Do You Learn More From Success or Failure?
The Good Lord has so created Man that everyone can make every conceivable mistake on his own. Don’t ever try to learn from other people’s mistakes. Learn what other people do right – A wise rabbi of the first century, Adventures of a Bystander, Peter F. Drucker
I had never given this question much thought until I read this passage in Drucker’s autobiography where he stated: “I suddenly realized that the right method, at least for me, was to look for the thing that worked and for the people who perform. I realized that I, at least, do not learn from mistakes. I have to learn from successes.”
After reading that, I started to think at length about this topic and it interested me greatly. I asked participants in my courses and people I knew whether they learned more from success or failure; well over 90 percent said failure. It is probably the most readily answered question and the least thought-about answer, for when you really ponder it, you realize that success is a far more valuable teacher than failure.
If I wanted to become a pro golfer, would you recommend I go out to the local municipal golf course and follow the weekend hackers, or hang around the PGA Tours?
The same logic applies to public policy questions. Society is rightly concerned about poverty, but discovering the root causes of poverty is the wrong approach. Poverty needs no explanation, since it is the natural condition of humans. What would we do once we discovered the root causes of poverty? Create more of it? What needs to be explained is wealth, not poverty. Indeed, wealth is the only known antidote to poverty.
Most people would agree with the statement that there are more wrong ways to do something than there are right ways. If that is true, then certainly it follows that learning the right way to do a particular thing is the best path to success. After all, incompetence is one thing that’s in an abundant, never-ending supply. If you had to study all of life’s failures, you would never have enough time to achieve success.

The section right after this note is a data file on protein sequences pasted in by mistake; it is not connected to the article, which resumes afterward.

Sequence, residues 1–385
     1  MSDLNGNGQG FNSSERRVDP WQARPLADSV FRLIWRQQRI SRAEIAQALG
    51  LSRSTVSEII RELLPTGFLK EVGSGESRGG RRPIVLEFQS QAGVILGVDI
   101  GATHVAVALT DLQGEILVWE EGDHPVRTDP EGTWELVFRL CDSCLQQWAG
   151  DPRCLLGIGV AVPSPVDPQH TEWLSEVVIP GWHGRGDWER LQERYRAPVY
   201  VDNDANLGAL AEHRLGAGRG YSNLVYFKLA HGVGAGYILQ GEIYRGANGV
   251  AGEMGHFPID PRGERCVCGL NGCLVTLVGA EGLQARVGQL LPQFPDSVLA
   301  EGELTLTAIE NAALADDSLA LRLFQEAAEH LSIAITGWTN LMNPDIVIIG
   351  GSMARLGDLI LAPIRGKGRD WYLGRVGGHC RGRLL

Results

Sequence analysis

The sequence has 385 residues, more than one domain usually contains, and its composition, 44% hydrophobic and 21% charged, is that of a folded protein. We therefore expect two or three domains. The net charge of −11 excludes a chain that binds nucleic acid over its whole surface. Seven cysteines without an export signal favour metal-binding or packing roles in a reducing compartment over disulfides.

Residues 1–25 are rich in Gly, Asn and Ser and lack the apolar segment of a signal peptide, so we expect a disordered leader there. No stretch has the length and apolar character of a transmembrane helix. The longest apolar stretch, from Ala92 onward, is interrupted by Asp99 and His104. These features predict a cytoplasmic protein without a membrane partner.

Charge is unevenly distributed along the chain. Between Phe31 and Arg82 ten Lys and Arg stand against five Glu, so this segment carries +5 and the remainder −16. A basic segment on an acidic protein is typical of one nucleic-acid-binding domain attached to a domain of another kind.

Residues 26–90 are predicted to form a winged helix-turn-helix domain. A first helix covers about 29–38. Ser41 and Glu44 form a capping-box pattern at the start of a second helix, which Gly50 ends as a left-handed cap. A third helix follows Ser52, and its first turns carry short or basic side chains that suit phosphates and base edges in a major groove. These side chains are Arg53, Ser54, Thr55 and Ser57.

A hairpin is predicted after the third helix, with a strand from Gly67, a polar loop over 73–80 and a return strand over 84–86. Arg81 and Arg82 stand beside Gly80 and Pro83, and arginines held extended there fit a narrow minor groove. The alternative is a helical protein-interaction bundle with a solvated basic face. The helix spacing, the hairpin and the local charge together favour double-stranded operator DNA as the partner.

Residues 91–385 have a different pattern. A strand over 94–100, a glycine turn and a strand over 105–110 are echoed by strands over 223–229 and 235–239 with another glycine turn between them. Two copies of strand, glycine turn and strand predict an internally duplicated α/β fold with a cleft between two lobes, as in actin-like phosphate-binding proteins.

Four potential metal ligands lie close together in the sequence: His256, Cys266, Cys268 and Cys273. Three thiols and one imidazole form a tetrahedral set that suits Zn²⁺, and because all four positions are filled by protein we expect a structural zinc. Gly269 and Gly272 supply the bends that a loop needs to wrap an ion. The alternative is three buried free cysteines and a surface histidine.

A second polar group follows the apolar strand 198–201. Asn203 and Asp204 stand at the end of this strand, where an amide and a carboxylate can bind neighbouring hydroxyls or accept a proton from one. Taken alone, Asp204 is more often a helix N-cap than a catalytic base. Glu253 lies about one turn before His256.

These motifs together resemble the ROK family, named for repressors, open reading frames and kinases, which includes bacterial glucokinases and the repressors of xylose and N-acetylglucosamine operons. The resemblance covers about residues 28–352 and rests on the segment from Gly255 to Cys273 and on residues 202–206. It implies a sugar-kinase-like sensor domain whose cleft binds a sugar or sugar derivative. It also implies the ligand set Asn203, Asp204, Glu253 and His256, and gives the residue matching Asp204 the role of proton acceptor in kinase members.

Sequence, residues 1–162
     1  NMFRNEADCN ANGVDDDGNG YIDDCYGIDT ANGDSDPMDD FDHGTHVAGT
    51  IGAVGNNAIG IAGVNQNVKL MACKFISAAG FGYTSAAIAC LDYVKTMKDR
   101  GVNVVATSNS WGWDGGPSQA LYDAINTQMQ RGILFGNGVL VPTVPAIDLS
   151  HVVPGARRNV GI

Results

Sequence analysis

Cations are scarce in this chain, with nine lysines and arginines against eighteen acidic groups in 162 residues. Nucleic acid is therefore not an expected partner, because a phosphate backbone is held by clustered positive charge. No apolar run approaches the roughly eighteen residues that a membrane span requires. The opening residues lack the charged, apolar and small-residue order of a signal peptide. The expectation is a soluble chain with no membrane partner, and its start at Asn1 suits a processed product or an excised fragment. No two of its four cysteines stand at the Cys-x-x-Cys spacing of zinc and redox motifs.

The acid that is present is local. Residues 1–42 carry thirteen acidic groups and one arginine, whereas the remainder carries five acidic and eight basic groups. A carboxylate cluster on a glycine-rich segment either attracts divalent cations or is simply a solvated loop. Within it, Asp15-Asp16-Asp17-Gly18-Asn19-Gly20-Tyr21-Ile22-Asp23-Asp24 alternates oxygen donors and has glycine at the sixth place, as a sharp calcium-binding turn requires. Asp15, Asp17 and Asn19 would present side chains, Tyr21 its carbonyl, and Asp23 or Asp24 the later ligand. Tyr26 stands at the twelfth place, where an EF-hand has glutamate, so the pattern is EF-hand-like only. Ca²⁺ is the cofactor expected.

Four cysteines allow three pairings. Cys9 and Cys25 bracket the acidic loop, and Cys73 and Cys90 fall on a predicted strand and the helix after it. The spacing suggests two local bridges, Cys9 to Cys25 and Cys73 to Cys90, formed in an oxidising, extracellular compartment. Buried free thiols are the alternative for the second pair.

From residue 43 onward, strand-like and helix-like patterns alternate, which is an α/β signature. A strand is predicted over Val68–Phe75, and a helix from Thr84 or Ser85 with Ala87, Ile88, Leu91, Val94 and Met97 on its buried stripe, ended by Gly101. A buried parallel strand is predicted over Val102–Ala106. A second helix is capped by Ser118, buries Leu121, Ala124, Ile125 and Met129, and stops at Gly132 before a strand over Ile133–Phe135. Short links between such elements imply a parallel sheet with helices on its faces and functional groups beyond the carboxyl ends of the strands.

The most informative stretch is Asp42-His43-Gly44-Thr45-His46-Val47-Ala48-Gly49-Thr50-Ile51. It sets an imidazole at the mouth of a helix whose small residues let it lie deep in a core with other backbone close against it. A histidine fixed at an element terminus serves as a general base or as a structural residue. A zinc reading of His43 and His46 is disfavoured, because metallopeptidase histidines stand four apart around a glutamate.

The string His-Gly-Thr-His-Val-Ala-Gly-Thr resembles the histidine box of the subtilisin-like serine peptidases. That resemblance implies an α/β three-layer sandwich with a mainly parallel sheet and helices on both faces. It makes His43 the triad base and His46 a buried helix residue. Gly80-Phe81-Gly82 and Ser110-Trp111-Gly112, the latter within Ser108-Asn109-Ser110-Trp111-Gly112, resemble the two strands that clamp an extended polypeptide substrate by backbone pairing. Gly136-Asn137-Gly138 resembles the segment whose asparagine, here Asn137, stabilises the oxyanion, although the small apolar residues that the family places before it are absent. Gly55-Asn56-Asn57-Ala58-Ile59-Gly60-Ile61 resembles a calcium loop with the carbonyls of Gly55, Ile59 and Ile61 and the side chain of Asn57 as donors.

The lesson is vital and it is this: Success and failure are largely the result of habit. When we program ourselves to believe we learn more from failure than success, we begin to make excuses for our failures. We say things such as, “Yes, I really messed that up, but look at the education I got from my mistake.”
This is not Pollyanna in the sense of ignoring failure or giving up in the face of adversity. It is, rather, celebrating your many successes and downplaying your failures. Consider that the only part of the daily news barrage that celebrate success and achievement is the sports page.
The most important point I wish to share with you regarding success and failure, comes from, again, Peter Drucker: “Don’t solve problems; pursue opportunities.”
By focusing on solving problems, you feed your failures, starve your successes and achieve costly mediocrity. All you do is return to the status quo when you solve problems, you don’t advance.
All firms should spend the super majority of their time pursuing opportunities rather than solving problems. Whether it’s expanding into new markets, offering a value-added service or developing a new niche, pursuing opportunities is the critical factor in success.
One of the biggest failures a lot of firms still engage in daily is hourly billing. What have we learned from this 100-year-old practice? Not much, I assure you; we make the same errors over and over, and there is no education in the second kick of the mule. To overcome this failure, we must seek out the opportunities that lie within value pricing.
Napoleon Hill in Grow Rich! With Peace of Mind wrote this:
“The many failures who turned up in my survey of some years ago displayed a failure-quality which belongs to any age. Not only had these people failed, but they kept on living with their failure. They spoke of it in preference to other topics. They lived in the past tense, reliving the pain of what had been. Those who had succeeded, however, spoke in the future tense. Their eyes were not upon their past—which often contained a good share of mistakes—but ever upon the future, upon their great objectives. Where failure had been laid behind, failure stayed behind—and notably it stayed out of their conversation.”
During a visit to the former Soviet Union in 1992, a Russian economist told an American economist, “We know what doesn’t work; now we are trying to figure out what will work.”
If I wanted to organize a successful society, I wouldn’t study communist or socialists countries, but instead free market and democratic societies. Study success, because it leave clues.
Now, how would you answer the question do you learn more from success or failure? Think about it.